This month the U.N. is holding a conference on "Sustainable Development": 6,000 delegates at seven sumptuous hotels in Nusa Dua. My editor the effervescent and perpetually pickled Mz. Sarah has accordingly asked me to write a piece on "something cultural". "You know, like temples or golf or shopping" were her exact words. As the island's self appointed cultural watchdog I have written this month's column in the form of an open letter.
Bali was once a completely self-sustaining island. It had its own building materials, an immaculate wet-rice agricultural system (admired the world over), an extraordinary, unique culture bursting with family values and maximum flexibility ("the world's most gorgeous" Diana Cooper once said) and a tropical architectural system that was a "masterpiece of simplicity and elegance" (according to Miguel Covarrubias, the 20th century's most renaissance man). Even Bali's Divine-Kingship system of Hindu worship, while a tad suspect to republicans, worked like magic: Warrior-Kings, Priest-Kings and Architect-Kings ensured that the land was free, and beautiful and holy.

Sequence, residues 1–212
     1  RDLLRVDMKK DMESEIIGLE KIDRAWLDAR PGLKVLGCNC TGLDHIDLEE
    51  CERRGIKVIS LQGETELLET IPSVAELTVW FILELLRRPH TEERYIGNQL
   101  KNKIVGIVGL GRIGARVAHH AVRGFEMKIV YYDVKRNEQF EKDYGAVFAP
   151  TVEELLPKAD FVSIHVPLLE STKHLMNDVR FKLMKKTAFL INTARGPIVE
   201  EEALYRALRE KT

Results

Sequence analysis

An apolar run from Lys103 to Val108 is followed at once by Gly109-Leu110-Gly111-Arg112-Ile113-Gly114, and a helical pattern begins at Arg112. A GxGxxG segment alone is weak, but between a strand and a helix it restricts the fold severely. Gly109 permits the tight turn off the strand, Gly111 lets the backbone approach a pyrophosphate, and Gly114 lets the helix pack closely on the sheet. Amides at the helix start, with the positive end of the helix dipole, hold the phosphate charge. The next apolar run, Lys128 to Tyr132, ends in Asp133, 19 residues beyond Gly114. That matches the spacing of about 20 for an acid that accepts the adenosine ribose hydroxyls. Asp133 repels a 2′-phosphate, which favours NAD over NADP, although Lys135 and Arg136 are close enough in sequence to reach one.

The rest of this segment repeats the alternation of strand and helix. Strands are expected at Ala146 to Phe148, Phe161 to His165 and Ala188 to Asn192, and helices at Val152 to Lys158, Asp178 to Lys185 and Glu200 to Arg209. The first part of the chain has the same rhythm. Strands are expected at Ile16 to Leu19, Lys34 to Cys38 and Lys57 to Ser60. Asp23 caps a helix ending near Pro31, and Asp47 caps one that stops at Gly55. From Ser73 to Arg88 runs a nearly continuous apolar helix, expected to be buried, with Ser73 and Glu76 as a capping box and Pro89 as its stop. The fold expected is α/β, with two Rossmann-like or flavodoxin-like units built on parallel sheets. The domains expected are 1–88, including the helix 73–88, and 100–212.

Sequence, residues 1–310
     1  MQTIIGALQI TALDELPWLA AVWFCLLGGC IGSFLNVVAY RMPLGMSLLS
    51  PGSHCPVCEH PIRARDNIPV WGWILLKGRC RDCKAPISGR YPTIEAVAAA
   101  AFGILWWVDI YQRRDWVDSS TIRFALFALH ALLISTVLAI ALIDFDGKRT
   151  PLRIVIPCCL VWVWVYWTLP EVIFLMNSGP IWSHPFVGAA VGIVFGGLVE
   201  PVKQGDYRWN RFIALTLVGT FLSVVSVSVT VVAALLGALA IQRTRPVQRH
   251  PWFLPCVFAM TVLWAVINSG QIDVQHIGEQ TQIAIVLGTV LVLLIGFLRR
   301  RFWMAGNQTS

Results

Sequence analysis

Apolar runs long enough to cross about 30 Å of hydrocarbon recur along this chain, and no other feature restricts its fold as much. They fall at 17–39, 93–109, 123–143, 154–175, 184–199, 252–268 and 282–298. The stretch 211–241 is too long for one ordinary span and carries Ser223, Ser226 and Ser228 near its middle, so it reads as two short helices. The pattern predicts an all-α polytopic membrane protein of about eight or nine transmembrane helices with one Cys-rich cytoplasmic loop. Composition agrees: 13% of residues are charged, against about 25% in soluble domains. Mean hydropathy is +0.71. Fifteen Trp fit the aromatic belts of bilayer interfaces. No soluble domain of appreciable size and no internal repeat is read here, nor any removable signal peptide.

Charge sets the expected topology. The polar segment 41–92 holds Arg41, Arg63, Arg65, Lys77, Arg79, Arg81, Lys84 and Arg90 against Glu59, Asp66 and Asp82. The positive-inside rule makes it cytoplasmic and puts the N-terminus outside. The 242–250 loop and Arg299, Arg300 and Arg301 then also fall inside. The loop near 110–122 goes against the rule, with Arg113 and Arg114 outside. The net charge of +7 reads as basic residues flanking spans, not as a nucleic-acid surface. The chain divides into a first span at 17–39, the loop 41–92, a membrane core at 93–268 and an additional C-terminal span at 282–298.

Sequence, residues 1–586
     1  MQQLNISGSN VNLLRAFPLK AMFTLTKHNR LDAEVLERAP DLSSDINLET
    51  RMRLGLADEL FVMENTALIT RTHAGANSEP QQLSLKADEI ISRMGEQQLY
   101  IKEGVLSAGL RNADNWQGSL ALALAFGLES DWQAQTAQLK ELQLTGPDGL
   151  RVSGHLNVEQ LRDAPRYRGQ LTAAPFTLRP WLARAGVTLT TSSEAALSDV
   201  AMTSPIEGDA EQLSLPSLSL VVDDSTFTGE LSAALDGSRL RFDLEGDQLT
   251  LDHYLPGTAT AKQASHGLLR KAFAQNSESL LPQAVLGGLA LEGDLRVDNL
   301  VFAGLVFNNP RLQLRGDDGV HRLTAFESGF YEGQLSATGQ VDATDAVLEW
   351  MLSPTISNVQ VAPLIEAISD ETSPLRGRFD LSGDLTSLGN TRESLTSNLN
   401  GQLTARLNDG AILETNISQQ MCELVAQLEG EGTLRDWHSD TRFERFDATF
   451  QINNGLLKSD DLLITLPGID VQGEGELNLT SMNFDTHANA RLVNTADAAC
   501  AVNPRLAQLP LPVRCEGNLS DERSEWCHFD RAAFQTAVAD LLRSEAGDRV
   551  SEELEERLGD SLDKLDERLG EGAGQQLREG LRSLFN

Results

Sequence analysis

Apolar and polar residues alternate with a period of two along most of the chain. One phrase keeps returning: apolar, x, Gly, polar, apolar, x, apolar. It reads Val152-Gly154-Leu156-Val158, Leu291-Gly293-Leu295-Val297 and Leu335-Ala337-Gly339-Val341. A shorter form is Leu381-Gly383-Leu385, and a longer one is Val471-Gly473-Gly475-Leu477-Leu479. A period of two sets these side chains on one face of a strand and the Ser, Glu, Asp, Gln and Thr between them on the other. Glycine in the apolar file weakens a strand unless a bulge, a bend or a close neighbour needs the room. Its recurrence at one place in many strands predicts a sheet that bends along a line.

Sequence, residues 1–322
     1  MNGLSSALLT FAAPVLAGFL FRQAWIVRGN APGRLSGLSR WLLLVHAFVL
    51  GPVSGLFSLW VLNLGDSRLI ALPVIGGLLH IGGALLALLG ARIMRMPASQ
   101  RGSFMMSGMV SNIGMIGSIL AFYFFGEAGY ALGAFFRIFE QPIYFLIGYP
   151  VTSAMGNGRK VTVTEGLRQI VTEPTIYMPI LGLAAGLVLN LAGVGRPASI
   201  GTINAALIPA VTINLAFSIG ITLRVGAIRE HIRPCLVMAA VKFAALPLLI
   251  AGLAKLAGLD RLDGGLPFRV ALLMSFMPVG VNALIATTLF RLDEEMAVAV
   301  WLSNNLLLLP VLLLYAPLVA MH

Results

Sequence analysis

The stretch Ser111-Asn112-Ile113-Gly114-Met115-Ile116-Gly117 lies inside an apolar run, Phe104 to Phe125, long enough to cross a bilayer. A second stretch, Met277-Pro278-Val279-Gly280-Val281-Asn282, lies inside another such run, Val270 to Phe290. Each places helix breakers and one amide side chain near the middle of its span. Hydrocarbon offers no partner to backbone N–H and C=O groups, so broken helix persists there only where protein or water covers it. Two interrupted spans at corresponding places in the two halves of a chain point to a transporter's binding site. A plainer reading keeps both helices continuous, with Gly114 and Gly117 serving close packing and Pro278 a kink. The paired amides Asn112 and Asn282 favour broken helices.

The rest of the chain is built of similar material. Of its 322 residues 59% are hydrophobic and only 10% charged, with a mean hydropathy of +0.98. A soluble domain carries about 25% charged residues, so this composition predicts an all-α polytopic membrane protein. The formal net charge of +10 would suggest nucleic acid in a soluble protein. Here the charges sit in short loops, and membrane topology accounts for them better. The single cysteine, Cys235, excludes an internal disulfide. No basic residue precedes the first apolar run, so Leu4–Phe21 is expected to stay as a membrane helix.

"Magnanimous" was Bali's middle name. All major ceremonies were directed to the four corners of the universe: despite the island's far flung position the islanders believed that they could make a difference to the whole world if they just kept on doing their Bakti Yoga rituals (Bakti Yoga being the path to enlightenment through offerings, or ceremonies, called Wali (the origin of the word Bali)).
Today, after 35 years of meddling by various central governments, by the Asian Development Bank (seemingly in cohorts with cronies of the Soeharto Administration), the World Bank (whose book-keeping in Indonesia makes even Enron blush) and a gang of merry developers (mostly S.E.A. based) with limited tolerance for the uniqueness of the Balinese culture and environment, we have a 'paradise' beset by traffic jams, visual pollution (on a scale unseen since the British post W.W. II building boom), teenage drug abuse and cultural prostitution.
Cultural tourism has become a culture of tourism: the erudite "Bali Up-date" ("Bali's truth ministry" says Time magazine), is written by an hotelier; the "Stranger in Paradise" is a bloody redhead, Legongs have left the stage for a life on the juice blender! Look around you gentlemen and learned ladies, at the encrustations of Hindu tak Hindu art on the hotel walls and observe the Hindu genuflections when the (probably non-Balinese) waiter changes the ashtray.Is all purity lost?